Agriculture, in all its forms, provides jobs and supports the livelihoods of many people in Ghana, especially small-holder farmers in rural parts of the country. The impact of agriculture and agribusiness in creating economic opportunities for large segments of the Ghanaian population is not in doubt. However, many farming methods employed by both industrial and smallholder farmers are not sustainable in the long-term.

With crop cultivation, we are experiencing rapid environmental degradation due, for instance, to extreme application of synthetic pesticides and fertilizers, often leading to food contamination and groundwater pollution and contributing to soil erosion.

When it comes to livestock agriculture, environmental degradation comes from multiple sources as well. Pastoralism (referred to as Fulani Herdsmen) and free-range animal husbandry are the dominant production systems, but these involve extensive mobility of livestock. It is a fact that meat, dairy, and egg production are amongst the leading causes of human-caused climate change, soil erosion, water pollution, and the decrease in biodiversity. According to the FAO (Food and Agricultural Organization of the United Nations), farmed animals are responsible for 14.5% of total greenhouse gas emissions. Animal agriculture also accounts for at least half of all food-related greenhouse gas emissions. In addition to being a huge source of emissions, animal agriculture further exacerbates climate change due to the clearance of forests, grasslands, and wetlands to provide land for grazing and to grow animal feed crops.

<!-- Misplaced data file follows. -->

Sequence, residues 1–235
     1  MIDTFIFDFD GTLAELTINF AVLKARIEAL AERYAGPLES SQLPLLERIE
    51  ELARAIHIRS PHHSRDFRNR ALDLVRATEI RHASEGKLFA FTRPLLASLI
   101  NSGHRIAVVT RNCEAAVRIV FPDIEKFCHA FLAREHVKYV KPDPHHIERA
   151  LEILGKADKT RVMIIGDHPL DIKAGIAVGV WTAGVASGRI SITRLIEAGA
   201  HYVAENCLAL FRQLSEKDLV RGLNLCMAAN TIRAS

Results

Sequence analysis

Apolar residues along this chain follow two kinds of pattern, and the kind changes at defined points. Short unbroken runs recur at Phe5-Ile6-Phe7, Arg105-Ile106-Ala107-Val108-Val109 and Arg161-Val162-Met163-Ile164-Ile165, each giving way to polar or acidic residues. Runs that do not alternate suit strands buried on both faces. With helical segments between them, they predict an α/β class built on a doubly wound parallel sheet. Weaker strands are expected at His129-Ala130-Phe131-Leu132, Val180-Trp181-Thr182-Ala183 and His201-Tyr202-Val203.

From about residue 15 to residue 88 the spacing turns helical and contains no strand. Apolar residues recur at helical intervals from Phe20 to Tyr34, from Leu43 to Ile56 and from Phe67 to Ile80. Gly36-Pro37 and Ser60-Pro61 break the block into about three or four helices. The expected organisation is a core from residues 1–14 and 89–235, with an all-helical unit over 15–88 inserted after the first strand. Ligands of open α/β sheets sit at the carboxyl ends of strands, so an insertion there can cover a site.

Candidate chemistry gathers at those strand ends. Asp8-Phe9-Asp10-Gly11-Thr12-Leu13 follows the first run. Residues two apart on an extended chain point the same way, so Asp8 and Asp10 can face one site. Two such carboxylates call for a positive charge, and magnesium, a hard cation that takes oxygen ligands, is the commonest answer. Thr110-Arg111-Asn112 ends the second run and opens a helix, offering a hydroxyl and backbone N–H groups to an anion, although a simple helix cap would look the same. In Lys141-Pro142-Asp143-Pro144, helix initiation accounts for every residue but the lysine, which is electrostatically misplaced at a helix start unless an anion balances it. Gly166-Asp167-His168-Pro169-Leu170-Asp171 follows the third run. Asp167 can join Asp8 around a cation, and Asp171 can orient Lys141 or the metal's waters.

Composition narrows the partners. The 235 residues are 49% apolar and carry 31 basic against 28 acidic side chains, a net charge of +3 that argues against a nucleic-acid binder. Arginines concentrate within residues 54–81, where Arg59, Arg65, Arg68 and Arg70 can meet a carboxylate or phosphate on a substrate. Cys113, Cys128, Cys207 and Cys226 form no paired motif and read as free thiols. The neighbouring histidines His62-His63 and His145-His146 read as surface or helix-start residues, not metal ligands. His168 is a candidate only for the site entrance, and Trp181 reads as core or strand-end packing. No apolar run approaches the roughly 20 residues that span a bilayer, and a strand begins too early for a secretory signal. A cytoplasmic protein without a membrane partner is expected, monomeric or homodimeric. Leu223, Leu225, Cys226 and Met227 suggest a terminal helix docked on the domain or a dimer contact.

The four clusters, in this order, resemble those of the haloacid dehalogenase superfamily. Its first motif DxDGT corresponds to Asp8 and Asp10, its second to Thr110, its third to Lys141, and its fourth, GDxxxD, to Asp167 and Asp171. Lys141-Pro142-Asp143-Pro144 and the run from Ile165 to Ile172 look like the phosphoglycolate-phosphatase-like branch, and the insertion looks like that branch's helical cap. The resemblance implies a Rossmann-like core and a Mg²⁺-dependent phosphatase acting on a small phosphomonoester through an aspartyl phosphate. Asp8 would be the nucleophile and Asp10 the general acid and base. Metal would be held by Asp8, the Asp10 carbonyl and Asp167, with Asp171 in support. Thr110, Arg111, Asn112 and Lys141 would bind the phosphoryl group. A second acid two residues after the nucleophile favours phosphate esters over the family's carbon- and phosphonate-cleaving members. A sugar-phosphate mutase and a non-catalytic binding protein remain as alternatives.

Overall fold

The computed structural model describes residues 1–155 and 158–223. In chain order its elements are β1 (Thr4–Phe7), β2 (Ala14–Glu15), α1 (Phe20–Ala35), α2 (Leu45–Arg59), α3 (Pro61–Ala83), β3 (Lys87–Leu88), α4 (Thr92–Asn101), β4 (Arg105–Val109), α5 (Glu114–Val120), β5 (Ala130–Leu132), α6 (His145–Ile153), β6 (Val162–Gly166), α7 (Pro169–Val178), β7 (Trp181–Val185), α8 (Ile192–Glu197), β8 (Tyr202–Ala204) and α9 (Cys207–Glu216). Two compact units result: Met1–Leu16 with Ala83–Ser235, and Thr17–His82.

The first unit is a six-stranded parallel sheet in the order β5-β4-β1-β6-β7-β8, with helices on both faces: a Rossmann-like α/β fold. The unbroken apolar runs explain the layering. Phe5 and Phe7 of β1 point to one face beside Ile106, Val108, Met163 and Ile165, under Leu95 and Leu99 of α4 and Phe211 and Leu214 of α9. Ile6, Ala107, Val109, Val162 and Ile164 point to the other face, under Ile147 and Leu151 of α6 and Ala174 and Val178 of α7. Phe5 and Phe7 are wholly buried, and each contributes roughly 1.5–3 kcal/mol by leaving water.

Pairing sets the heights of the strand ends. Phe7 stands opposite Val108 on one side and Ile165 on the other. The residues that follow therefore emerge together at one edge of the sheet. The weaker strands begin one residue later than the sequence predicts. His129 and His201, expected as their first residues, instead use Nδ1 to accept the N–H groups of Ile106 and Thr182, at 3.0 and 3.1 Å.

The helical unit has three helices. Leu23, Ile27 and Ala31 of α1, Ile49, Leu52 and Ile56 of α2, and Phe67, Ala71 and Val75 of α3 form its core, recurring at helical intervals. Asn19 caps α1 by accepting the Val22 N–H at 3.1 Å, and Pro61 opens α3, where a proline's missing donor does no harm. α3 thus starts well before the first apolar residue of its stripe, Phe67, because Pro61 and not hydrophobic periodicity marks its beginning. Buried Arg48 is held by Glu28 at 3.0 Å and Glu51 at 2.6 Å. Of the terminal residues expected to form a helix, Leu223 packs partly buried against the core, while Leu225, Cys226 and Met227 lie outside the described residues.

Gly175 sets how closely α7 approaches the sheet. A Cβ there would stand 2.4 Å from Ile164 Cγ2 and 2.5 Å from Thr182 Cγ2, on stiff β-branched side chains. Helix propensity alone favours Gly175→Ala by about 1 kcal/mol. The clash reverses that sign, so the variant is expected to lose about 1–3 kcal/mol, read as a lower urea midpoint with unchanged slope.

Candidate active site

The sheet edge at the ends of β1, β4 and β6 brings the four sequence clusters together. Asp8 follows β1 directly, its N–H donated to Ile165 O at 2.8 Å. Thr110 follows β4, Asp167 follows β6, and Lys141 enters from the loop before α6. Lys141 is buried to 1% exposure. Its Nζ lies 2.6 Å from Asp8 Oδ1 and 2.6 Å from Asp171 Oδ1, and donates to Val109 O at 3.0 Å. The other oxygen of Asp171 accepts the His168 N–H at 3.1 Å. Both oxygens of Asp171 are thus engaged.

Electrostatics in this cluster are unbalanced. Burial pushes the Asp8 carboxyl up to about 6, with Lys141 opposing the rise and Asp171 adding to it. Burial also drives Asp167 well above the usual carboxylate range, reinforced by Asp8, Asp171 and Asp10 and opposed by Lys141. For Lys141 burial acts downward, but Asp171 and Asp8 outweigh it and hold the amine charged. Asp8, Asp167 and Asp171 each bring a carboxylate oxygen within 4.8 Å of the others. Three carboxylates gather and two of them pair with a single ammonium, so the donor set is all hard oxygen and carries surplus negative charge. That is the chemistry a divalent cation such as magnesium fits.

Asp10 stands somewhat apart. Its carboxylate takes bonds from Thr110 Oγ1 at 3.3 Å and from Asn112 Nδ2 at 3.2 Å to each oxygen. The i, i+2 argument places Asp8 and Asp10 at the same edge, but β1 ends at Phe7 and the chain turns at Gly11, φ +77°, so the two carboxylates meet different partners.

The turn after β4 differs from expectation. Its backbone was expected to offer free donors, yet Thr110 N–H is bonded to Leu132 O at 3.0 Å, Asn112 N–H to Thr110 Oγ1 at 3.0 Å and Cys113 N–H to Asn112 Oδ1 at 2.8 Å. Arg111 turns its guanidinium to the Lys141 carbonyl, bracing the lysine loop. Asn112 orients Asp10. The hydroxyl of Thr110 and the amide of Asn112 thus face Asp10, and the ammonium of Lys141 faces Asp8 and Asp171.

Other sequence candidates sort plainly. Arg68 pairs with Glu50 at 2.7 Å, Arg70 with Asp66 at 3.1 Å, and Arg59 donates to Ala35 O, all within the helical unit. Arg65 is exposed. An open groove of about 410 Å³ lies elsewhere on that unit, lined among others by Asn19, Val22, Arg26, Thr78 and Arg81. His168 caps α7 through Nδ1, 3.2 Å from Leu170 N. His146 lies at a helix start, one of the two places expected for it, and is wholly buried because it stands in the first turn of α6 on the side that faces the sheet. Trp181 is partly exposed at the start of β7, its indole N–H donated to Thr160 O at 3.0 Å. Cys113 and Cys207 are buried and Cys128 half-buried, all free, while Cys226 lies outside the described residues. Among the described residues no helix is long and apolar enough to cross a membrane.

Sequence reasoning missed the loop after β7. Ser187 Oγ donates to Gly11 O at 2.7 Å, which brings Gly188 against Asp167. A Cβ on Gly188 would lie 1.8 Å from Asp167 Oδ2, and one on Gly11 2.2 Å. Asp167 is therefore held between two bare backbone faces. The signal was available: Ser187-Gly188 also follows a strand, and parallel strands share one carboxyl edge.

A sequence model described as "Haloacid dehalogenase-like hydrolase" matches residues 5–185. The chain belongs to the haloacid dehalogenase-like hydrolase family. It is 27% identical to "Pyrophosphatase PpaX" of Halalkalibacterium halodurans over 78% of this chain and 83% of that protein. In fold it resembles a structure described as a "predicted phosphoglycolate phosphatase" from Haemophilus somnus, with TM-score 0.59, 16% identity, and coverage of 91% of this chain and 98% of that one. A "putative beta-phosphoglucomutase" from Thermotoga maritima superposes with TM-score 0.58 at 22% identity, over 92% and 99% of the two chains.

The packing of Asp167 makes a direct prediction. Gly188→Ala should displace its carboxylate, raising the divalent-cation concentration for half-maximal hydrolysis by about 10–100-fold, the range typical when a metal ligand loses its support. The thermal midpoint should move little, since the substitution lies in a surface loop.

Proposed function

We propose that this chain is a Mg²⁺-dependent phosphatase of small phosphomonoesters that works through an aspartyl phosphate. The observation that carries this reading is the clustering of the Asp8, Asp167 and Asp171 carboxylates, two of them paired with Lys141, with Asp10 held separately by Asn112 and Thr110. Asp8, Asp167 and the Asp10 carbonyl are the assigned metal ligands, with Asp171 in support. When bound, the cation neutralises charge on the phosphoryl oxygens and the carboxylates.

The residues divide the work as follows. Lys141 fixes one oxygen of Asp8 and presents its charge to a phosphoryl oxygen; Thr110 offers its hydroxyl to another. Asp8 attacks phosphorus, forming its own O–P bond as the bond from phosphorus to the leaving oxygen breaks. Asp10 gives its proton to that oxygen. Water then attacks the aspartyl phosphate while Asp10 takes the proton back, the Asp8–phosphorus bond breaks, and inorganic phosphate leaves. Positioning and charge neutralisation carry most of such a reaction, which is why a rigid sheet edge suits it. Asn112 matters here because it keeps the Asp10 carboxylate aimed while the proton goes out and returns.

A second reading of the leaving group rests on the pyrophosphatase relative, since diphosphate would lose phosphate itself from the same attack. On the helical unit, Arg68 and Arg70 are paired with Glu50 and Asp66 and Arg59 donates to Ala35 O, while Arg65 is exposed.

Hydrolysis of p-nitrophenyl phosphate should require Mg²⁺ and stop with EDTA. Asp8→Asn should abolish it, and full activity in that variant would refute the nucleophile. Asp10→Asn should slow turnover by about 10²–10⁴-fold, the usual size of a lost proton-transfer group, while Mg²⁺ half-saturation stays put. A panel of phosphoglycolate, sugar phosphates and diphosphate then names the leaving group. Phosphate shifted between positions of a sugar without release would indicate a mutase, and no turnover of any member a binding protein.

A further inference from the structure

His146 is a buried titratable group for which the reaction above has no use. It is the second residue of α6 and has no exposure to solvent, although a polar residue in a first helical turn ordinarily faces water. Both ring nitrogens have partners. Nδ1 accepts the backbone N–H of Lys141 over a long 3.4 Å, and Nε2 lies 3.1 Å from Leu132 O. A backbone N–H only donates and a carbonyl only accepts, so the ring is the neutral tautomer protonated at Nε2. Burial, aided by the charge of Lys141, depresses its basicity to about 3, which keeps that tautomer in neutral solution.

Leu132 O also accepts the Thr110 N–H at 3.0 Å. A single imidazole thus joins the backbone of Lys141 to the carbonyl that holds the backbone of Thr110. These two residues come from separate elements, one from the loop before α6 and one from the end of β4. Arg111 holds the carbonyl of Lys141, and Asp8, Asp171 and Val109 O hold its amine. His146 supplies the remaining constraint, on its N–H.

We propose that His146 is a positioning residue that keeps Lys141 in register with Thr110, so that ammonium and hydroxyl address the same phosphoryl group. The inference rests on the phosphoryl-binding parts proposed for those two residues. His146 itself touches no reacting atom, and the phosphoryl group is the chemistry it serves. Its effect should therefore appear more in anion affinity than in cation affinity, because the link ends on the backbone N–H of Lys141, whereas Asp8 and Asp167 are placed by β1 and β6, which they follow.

Added to the environmental issues raised above are depletion of fish stocks from the sea and freshwater bodies arising out of the use of chemicals, dynamites, small fishing nets and other over-fishing and water polluting methods. 

According to the FAO, the global food system in total contributes about 30% of all human-induced emissions.


Youth-in-Agribusiness (YiA) Programme: AP OAK’s answer to environmentally sustainable farming

The promotion and incubation of sustainable farming practices are AP OAK’s strategies for contributing to the prevention of the harm caused to the environment by smallholder and large-scale agriculture. Our Youth-in-Agribusiness projects are underpinned by eco-friendly and sustainable farming practices.  For us at AP OAK, sustainable agriculture should meet the needs of present as well as future generations. We seek to promote practices and incubate youth agribusinesses based on methods that are not harmful to the health of farmers nor consumers and should ultimately lead to a reduced impact on the environment. The solutions we promote are those that can offset environmental damage such as forest clearings, destruction of habitats, the negative impact of pesticides and intense carbon outputs.

The YiA is an agri-business incubation scheme that focuses on identifying young unemployed persons, particularly women and recent graduates and supporting these persons to establish and grow agribusiness enterprises based on environmentally sustainable farming practices. AP OAK supports beneficiaries of the project with the following services:

  • Land acquisition, development, allocation, and management of tenure systems
  • Development of FARM-to-TABLE agribusiness models
  • Identification, selection, formation of agribusiness units and incubator enterprises
  • Business incubation and advisory services
  • Technical support services: Seeds & Seedlings, Extension Services, Irrigation & Water, Financial Aid, Business controls & financial controls